Will Banks Use More Robots
The use of Robo advisors is gaining prominence in mainstream banking circles. Clients have several options available to them when picking investment products. These include the go-it-alone approach where individuals are responsible for the management of their own portfolio of stocks, bonds, cash, indices, commodities etc. This option is best suited to professionals, or investors who understand the intricacies of the financial markets.
The other option is a choice between using traditional banks and investment gurus on the one hand, or the modern-day upgrades with things like discount brokerages. While there is certainly merit in all of these options, many investors are not totally sold on either option. A fusion of these investment possibilities which encompasses online advice with a self-directed brokerage is increasingly preferred by clients.
Fintech Disrupting Traditional Banking
FinTech has dramatically revolutionized the investment landscape, and banking operations are front and centre. New-age investors prefer having a say in how their money is managed, and this need has not been fully satisfied with the options listed above. Instead, clients prefer hybrid options known as Robo advisors. The concept of a Robo advisor is largely misunderstood by mainstream investors. A Robo advisor does not remove the human element from investing and portfolio management.
True to form, Robo advisors do not require clients to meet with investment gurus face-to-face. It is a convenience-based element at play, and one that makes it easier for anyone to instantly initiate trades at the click of a button. Most of the communication via Robo advisors is conducted through secure online connections and chat services such as Skype, messenger, and the like.
More Control Over Financial Portfolios
The Canadian investment scene is slowly adapting to this modern-day technology, but only the Bank of Montréal has infused Robo advisor technology as part of its investments toolkit. FinTech is leaps and bounds ahead of traditional banking. It is a major disruptive force in the financial world, and it caters to a large under-banked or unbanked sector of society. In Canada, the US and across Europe, clients are looking for easier ways to manage their financial portfolios, while still maintaining control over trades that are executed.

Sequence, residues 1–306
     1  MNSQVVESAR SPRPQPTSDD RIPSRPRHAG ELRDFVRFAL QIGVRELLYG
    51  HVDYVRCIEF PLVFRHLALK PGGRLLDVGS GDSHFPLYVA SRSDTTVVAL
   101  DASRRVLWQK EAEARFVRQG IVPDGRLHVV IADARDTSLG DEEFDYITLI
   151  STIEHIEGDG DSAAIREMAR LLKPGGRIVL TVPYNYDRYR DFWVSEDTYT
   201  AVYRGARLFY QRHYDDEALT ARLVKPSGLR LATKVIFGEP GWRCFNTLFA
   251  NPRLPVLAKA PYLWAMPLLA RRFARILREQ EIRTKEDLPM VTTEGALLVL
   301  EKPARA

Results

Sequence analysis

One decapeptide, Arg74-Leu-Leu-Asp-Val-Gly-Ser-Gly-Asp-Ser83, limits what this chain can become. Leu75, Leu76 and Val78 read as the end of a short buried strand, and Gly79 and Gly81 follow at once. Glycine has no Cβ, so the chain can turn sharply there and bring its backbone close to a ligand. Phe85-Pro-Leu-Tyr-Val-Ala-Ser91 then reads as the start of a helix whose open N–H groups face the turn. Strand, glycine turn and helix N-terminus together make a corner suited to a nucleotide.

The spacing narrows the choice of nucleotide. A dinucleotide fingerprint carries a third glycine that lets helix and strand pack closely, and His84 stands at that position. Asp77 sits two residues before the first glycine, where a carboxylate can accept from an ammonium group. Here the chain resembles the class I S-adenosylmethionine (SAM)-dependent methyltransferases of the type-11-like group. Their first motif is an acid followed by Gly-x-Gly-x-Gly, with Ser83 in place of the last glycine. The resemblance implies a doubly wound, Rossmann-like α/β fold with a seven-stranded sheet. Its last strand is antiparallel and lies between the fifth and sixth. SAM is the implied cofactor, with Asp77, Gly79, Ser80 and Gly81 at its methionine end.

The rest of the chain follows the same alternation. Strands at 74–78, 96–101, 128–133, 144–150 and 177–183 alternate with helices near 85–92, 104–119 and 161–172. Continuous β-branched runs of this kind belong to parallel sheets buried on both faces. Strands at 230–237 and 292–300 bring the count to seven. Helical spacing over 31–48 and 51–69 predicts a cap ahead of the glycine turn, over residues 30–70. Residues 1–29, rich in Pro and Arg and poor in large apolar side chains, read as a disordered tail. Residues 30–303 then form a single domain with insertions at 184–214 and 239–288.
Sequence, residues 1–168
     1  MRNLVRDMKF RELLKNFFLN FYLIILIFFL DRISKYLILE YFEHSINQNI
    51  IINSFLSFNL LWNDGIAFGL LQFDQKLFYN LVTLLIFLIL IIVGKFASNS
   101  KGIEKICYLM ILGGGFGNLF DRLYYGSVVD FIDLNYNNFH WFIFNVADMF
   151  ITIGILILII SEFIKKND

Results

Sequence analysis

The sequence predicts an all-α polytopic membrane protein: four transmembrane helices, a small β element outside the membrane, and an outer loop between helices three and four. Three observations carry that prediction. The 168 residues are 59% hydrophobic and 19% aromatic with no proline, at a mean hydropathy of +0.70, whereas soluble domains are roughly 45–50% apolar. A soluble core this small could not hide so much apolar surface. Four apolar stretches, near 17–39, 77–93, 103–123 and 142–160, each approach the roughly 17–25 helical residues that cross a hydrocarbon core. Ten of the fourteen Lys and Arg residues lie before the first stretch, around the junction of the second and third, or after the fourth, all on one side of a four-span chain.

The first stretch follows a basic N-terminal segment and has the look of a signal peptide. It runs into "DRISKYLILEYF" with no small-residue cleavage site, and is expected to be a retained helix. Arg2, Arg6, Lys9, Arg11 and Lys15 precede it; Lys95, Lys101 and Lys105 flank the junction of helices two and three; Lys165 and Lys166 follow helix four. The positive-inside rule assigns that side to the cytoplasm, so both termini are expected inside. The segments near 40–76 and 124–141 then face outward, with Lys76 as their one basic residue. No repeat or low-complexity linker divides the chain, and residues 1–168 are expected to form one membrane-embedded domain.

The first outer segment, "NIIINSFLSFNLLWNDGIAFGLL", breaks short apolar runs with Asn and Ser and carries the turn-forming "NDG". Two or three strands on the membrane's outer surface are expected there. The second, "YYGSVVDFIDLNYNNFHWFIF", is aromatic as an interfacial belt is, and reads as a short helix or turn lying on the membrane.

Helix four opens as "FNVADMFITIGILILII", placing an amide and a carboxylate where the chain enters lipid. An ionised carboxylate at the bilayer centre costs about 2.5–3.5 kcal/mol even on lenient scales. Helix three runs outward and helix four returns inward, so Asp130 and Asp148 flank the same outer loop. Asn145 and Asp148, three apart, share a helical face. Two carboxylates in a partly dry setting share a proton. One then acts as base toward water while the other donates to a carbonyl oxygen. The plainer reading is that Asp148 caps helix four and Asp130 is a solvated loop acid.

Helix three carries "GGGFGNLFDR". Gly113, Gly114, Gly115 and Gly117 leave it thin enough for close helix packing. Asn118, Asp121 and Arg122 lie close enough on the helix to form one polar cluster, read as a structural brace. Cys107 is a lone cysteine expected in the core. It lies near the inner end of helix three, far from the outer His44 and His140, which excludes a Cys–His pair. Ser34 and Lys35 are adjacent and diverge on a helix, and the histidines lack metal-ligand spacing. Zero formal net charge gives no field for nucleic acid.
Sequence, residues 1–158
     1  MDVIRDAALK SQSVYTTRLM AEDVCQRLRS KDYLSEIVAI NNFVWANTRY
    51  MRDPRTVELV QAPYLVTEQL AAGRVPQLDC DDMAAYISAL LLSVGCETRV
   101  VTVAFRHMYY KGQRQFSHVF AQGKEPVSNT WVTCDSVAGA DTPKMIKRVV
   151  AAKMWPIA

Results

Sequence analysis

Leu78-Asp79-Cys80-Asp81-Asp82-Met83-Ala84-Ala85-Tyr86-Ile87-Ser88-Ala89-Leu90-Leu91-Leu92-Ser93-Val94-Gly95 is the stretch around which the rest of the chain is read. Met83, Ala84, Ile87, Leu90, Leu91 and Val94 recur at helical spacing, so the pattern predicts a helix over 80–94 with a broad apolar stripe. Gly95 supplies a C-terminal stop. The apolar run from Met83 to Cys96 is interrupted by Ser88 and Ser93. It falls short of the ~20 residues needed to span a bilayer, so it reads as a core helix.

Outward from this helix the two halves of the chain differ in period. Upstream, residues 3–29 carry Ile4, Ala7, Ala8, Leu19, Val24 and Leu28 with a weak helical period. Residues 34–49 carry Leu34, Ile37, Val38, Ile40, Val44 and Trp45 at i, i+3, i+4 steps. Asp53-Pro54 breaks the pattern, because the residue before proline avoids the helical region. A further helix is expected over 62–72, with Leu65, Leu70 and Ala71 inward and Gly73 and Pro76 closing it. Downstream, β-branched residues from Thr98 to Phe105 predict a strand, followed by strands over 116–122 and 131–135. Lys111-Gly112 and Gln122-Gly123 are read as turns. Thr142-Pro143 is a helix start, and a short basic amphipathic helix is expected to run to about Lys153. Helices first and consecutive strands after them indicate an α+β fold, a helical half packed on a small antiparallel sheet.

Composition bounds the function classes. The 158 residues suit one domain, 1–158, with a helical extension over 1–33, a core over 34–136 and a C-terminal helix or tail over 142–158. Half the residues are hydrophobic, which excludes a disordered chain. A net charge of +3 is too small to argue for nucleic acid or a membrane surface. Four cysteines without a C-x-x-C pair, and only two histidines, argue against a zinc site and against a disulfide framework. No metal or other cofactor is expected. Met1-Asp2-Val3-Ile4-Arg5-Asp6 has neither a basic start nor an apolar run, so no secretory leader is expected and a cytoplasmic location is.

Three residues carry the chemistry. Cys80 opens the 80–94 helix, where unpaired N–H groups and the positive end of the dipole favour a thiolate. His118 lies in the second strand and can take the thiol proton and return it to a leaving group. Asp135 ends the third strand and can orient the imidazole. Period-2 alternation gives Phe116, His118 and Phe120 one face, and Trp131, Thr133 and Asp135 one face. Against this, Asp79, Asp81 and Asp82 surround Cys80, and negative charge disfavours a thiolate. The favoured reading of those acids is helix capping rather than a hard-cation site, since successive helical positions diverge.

The conventional system of entrusting all of one’s finances to a fund manager with a bias towards certain stocks, ETFs or mutual funds is losing traction. Today, investors want to have a modicum of control over their portfolio, and they don’t want the emotional component, or the bias via the investment advisor. A Robo advisor serves this purpose well. Provided the range of financial assets available to the client is all-encompassing, a Robo advisor can pick the appropriate stocks based on client specifications. Hard data is analysed instantly, and the best investment options are provided to the client.
Robo Advisors with Canadian Banks
The do-it-yourself model cannot be ignored by banks for much longer. The explosive growth of FinTech investment paradigms has already caused multiple banks like HSBC, Barclays, Standard Chartered, Goldman Sachs and others to stand up and take notice. Banks are implementing protocols to allow Robo advisors as part of their investment toolkit. One of the leading asset management companies is BMO. What many clients don’t know, is that BMO also has a robo advisor. Through use of this modern-day technology, BMO can now offer exchange traded funds across multiple portfolios.
It is the oldest bank in Canada, and also the first to adopt new-age technologies. Clients can easily synchronize their BMO online banking summary with their investment accounts for maximum functionality. A wide range of exchange traded funds is available, and the provision of Robo advisors makes it easy to use SmartFolio accounts. Account types include RRSP, TFSA, and RESP. By allowing customers to personalize their financial portfolios, it’s akin to a Robo advisor. This is the way Canadian investors are choosing to go, and many other big banks are now taking notice.